CJ 430 Research in Criminal Justice
FA 2007 HO
Professor of Criminal Justice
B.A. History & Economics - University of Missouri - ColumbiaJ.D. - University of Missouri - Columbia
Mabee (the Underground) Room 226
Tuesdays & Thursdays: 10:00-12:00; Wednesdays: 9:00-11:00; and by appointment
August 20 - December 13, 2007
1:50 - 4:40 PM
Research Methods for Criminal Justice and Criminology, 5th Edition, by Maxfield & Babbie (Thomson Wadsworth 2008) ISBN 0-495-09476-5
Textbooks can be purchased through the Parkville Bookstore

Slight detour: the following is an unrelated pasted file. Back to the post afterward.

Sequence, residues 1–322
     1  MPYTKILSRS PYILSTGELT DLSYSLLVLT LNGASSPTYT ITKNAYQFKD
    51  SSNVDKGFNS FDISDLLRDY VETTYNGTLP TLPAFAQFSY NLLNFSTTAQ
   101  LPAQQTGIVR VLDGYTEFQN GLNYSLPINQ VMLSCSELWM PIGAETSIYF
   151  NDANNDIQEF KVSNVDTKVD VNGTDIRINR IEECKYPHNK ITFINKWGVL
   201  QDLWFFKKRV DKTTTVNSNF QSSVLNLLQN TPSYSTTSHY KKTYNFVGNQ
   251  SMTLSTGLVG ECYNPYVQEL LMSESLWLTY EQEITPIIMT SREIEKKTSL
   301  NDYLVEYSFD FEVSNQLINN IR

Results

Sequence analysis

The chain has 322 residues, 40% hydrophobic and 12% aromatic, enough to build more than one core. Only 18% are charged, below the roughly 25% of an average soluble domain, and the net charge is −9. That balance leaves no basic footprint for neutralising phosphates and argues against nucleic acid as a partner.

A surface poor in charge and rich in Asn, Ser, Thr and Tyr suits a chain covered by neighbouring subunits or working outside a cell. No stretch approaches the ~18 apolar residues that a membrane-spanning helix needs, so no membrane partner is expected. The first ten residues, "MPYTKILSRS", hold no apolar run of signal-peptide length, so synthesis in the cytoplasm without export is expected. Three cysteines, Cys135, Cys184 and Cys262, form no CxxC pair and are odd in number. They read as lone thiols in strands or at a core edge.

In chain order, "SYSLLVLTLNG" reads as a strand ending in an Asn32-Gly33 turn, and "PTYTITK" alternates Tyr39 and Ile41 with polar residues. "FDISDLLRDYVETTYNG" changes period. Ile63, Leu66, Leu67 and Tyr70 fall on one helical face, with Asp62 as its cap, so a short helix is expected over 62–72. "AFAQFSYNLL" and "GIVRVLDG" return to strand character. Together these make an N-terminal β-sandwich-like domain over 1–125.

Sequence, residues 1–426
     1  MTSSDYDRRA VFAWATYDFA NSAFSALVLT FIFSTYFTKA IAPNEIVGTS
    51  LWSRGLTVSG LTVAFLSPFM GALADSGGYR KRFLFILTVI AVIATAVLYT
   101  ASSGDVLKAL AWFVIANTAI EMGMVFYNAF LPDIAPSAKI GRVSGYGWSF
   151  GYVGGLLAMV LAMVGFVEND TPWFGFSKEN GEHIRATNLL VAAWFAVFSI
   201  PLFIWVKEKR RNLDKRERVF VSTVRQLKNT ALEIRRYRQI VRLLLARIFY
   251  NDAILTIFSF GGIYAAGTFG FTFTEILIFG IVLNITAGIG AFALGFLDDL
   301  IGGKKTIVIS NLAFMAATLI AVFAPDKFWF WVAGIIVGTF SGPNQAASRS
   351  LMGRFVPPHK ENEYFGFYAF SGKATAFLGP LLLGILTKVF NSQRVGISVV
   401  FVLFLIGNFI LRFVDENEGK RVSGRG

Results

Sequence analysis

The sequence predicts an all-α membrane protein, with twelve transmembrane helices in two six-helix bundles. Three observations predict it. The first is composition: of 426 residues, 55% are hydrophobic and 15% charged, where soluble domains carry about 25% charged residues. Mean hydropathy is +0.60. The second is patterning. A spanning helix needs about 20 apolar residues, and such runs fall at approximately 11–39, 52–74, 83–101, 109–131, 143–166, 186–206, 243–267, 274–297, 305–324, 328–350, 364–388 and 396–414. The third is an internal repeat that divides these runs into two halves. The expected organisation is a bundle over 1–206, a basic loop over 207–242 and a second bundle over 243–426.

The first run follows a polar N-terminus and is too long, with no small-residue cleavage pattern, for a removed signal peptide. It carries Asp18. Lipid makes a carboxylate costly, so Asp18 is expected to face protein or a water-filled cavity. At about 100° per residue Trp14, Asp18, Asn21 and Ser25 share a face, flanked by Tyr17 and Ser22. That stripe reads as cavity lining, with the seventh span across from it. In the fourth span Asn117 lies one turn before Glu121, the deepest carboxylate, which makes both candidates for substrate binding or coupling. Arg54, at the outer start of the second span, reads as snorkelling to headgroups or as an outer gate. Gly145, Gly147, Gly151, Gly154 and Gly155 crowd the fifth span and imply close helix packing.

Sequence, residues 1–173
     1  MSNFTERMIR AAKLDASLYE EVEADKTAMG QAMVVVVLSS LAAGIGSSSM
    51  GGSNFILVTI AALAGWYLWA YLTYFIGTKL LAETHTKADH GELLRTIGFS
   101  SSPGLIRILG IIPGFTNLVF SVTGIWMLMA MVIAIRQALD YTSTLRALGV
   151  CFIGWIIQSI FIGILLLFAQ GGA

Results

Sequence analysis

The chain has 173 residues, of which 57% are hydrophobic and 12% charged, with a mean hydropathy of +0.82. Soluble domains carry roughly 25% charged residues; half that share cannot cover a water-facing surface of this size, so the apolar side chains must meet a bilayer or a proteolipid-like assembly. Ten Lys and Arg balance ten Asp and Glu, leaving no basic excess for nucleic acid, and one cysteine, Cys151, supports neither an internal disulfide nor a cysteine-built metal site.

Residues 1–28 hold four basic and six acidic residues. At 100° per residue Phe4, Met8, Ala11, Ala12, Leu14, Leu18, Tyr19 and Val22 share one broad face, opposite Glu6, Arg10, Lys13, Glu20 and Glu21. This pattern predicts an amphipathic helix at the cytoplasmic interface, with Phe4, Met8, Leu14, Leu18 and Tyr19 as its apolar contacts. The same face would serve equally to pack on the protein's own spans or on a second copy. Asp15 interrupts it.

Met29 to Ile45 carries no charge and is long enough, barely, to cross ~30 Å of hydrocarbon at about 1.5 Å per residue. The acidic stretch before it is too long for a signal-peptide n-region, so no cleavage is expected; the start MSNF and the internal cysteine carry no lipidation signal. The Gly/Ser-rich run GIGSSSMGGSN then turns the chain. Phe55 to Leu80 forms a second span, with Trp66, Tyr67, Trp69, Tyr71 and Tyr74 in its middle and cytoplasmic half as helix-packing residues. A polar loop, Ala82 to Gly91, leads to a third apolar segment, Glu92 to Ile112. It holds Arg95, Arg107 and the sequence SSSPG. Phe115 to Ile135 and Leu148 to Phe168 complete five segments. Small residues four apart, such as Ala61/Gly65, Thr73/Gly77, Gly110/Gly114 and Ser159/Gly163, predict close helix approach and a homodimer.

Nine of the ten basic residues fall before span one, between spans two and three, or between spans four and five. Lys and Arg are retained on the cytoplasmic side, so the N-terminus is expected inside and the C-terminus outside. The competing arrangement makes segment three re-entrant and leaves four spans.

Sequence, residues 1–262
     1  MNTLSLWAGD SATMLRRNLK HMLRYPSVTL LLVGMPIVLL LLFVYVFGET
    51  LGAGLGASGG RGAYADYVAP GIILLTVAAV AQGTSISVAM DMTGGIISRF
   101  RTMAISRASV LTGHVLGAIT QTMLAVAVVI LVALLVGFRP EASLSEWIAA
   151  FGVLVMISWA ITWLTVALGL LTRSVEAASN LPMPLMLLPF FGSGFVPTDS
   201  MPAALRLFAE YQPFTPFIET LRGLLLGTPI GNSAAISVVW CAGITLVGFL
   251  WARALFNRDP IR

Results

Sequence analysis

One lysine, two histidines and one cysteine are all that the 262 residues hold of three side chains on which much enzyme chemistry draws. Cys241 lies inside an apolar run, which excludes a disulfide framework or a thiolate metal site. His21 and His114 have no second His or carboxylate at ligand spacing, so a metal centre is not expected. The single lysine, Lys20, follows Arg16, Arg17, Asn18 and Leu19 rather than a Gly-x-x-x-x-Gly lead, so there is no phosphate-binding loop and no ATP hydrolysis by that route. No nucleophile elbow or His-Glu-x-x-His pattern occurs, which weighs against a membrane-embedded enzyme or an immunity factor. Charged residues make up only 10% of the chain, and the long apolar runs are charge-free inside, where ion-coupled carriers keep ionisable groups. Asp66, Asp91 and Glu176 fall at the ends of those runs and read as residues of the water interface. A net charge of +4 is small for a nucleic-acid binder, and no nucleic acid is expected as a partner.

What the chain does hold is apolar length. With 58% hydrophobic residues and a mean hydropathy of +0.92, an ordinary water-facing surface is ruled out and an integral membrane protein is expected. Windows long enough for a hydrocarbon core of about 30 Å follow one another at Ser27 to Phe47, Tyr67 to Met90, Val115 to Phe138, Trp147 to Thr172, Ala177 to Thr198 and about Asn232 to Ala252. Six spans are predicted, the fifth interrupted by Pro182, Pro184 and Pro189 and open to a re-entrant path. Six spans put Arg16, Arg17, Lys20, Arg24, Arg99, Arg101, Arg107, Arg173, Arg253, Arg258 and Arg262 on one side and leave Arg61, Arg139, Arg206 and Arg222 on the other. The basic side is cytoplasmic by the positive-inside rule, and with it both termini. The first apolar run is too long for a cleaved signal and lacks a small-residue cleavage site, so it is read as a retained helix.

Additional Resources: Other materials and resources will be provided in class.
McAfee Memorial Library - Online information, links, electronic databases and the Online catalog. Contact the library for further assistance via email or at 800-270-4347.Career Counseling - The Career Development Center (CDC) provides services for all stages of career development. The mission of the CDC is to provide the career planning tools to ensure a lifetime of career success.Park Helpdesk - If you have forgotten your OPEN ID or Password, or need assistance with your PirateMail account, please email firstname.lastname@example.org or call 800-927-3024Resources for Current Students - A great place to look for all kinds of information http://www.park.edu/Current/.